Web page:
"I am trying to check my habits of seeing, to counter them for the sake of greater freshness. I am trying to be unfamiliar with what I'm doing." - John Cage

Wednesday, October 26, 2016

And if I successfully write a shitty first draft in November, then what?

It's always more fun with a friend.

You can re-enter your work, re-vision the draft, on your own.  Go for it. 


Continue to set up accountability, what worked for you in November and supported you to produce this fantastic, exciting, ambiguous first draft:

Starting January 2017! Revision and Development Writing Workshop for Fiction, Essay, and Memoir.

Attention Nanowrimo-ers!

This workshop is deadline- and goal-oriented to complete the next draft of a project for publication. In this small workshop, the goal is to revise your first draft by pushing further to the next level, strengthening your writing skills, and simultaneously exploring meaning in your writing. Plot, structure, character development, voice, setting, time, subtext, dialogue. You will get professional feedback for developing the heart of your subject to unearth what really matters. Learn techniques to creatively so that your writing stands out as surprising and original to an editor. Call for details.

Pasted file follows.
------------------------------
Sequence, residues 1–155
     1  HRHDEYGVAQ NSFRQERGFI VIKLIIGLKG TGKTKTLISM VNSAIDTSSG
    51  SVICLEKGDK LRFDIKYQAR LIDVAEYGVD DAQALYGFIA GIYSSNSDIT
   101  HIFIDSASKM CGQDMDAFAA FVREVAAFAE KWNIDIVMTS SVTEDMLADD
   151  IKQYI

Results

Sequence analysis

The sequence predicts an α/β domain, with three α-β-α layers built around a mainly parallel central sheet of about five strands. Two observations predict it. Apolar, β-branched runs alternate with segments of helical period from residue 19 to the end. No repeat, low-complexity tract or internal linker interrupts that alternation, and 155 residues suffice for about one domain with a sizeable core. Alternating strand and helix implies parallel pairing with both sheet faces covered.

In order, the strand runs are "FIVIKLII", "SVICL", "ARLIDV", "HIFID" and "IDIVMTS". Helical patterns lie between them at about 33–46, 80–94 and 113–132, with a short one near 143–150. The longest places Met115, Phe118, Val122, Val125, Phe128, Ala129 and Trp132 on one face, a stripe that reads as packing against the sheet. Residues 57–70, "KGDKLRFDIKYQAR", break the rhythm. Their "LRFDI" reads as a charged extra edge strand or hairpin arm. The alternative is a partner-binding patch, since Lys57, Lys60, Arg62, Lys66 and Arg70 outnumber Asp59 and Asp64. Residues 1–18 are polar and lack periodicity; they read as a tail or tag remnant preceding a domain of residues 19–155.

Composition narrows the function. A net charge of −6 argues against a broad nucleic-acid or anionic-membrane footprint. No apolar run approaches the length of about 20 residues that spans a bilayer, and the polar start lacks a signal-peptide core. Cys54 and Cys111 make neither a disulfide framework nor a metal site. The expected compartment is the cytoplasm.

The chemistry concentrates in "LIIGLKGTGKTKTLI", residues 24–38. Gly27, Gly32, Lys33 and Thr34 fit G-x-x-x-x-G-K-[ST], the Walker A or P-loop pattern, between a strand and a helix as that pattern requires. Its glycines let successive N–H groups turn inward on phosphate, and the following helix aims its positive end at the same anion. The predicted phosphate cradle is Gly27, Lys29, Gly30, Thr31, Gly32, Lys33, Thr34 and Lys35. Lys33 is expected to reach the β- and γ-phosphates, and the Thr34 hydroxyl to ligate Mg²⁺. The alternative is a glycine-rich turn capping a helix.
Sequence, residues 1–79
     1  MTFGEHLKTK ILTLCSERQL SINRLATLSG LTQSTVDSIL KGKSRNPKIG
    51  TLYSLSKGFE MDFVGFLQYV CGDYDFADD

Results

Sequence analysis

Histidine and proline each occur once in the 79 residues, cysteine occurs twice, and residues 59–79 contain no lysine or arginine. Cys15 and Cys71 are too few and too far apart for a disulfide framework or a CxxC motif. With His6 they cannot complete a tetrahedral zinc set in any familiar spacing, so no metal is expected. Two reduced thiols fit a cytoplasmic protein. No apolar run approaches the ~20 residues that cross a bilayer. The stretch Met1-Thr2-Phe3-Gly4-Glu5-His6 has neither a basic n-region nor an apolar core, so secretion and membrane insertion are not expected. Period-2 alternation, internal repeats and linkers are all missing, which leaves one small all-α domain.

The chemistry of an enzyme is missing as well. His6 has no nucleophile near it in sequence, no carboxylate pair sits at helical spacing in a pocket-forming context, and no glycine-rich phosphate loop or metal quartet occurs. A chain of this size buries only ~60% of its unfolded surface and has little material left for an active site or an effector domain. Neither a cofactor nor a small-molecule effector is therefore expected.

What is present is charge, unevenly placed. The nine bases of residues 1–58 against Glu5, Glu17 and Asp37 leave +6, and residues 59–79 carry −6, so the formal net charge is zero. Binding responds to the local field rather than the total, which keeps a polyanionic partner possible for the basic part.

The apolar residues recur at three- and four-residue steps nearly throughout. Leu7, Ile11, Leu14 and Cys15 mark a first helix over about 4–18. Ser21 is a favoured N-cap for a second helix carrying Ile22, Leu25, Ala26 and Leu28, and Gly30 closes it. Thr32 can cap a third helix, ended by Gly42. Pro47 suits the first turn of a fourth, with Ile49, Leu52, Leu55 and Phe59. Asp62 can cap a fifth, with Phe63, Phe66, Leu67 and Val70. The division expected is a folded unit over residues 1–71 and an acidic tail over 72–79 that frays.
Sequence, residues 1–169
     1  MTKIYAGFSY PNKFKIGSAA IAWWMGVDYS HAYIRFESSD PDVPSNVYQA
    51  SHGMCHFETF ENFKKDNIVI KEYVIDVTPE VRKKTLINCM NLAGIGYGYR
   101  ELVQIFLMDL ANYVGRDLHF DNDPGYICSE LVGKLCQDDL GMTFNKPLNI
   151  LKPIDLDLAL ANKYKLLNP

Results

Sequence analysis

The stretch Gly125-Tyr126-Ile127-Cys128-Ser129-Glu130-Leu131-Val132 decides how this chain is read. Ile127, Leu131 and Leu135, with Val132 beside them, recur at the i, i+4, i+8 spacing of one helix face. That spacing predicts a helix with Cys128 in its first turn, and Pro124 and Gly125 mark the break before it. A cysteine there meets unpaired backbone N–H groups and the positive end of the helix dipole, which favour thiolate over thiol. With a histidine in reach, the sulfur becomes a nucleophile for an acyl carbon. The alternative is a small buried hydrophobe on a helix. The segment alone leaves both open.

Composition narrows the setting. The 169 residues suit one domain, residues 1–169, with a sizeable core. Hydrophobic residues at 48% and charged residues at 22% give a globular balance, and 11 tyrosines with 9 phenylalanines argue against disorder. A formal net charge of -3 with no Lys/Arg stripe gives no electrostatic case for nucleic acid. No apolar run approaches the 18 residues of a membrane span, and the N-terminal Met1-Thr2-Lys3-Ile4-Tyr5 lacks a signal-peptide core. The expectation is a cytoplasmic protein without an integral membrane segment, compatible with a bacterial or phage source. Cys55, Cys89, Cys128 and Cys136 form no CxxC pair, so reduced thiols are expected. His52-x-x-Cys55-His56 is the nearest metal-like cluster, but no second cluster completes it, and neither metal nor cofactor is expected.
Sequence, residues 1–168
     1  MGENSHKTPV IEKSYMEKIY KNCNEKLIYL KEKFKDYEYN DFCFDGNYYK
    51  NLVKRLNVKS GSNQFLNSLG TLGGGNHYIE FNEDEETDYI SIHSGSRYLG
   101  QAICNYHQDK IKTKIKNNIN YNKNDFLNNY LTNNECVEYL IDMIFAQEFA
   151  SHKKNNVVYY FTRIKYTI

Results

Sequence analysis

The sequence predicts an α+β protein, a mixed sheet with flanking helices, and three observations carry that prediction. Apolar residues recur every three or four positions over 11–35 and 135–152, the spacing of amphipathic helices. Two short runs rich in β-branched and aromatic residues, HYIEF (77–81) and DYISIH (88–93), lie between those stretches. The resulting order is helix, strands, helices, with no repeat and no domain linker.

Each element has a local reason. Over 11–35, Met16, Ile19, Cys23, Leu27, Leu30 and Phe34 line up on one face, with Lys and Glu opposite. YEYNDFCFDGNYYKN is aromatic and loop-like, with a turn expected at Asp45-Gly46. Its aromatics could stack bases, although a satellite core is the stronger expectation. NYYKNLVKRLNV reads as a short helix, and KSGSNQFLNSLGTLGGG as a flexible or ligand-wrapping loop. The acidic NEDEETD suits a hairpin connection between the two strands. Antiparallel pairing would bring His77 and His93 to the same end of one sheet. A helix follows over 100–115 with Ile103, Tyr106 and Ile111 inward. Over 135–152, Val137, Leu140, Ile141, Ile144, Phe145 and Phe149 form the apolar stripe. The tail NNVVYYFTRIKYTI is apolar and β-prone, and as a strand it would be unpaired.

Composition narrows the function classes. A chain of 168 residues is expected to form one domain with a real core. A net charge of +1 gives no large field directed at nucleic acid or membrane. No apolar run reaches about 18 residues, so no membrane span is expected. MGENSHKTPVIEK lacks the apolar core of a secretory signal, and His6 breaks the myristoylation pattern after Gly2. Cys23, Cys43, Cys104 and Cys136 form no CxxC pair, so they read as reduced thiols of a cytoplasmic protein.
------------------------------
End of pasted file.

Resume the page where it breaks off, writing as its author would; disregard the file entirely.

Thursday, October 20, 2016

Ask not what you can do for Nanowrimo, but what Nanowrimo can do for you (and still make a donation)

I've been saying for a long time now that before I can experiment with writing prose (essay and short story) that I need to complete my poetry manuscript. A few weeks ago I woke up with the knowledge that it was time to commit to writing the prose, to moving on to a new project, that "shiny new thing" as Neil Gaiman called it in this talk at Google Authors.  Taking on this new project in no way means I'm leaving the manuscript in the dust.  In fact, I have a new fire under my butt to get it ready for submission.

Some of you have committed to Nanowrimo and some are still on the fence.  Nanowrimo.org inspires and supports nearly 300,000 writers each November to write the first draft or 50,000 words of a novel (or other prose/hybrid creation) by November 30th.

Here's an excerpt I'm reading by Elisa Albert from her essay titled The Snarling Girl that might speak towards making this commitment:

"I write to make sense of things, to make order from chaos, to make something from nothing, to examine my own thinking. Because what I have found in the writing of others sustains me. Because while I am struggling to live, the writing—a kind of parallel life—helps me along. Because language is my jam. Because I never learned to play the guitar and no one ever asked me to sing in a band.
I mean, writing is liberation! Or so I tell my students, over and over and over again. Flex your muscles, I tell them. Feel the sun on your face, the wind in your hair! Struggle with your shortcomings. Leave everything out on the field! Do it again tomorrow! What rigor. What joy. What privilege. Say whatever the hell you want to say, however you most accurately can! Complete and utter freedom. Work.

And this:

"'The notes for the poem are the only poem,' wrote Adrienne Rich. There it is. There’s my ambition: Notes.

And then this too: